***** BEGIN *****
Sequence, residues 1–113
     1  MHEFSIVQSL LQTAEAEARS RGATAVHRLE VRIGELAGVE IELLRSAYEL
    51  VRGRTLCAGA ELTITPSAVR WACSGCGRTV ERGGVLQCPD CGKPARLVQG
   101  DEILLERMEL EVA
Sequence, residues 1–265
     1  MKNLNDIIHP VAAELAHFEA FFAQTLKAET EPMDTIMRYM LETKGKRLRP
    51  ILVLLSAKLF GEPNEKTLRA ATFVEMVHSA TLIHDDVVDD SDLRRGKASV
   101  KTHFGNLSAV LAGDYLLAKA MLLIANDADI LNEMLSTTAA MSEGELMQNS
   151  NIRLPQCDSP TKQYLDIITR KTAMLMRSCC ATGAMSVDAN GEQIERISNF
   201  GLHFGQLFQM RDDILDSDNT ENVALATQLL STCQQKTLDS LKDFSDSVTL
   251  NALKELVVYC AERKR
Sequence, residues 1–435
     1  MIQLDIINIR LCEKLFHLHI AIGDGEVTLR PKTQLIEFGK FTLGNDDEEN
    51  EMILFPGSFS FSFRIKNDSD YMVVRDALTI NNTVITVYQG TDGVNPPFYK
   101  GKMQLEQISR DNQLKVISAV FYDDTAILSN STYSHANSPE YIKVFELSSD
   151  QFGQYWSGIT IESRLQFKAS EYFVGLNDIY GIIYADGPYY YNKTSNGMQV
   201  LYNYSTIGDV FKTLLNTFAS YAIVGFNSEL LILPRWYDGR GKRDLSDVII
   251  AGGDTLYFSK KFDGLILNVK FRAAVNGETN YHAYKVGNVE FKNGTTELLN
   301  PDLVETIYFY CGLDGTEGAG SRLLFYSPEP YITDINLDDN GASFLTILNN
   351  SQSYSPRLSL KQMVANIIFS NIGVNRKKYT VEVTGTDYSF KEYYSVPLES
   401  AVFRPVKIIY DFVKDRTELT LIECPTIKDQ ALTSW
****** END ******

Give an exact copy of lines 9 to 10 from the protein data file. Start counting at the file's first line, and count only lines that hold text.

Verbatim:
   151  NIRLPQCDSP TKQYLDIITR KTAMLMRSCC ATGAMSVDAN GEQIERISNF
   201  GLHFGQLFQM RDDILDSDNT ENVALATQLL STCQQKTLDS LKDFSDSVTL